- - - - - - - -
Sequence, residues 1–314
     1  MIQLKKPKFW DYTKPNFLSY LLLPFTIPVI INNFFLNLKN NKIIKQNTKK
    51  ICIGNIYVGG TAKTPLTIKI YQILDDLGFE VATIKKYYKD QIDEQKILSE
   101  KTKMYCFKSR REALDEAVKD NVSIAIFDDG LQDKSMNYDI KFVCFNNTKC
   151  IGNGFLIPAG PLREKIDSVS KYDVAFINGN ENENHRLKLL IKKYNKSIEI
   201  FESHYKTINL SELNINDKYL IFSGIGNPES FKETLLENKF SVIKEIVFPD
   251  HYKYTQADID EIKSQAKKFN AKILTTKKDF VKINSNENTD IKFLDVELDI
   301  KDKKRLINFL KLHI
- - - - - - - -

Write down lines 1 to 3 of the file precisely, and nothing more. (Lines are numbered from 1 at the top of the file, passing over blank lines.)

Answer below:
Sequence, residues 1–314
     1  MIQLKKPKFW DYTKPNFLSY LLLPFTIPVI INNFFLNLKN NKIIKQNTKK
    51  ICIGNIYVGG TAKTPLTIKI YQILDDLGFE VATIKKYYKD QIDEQKILSE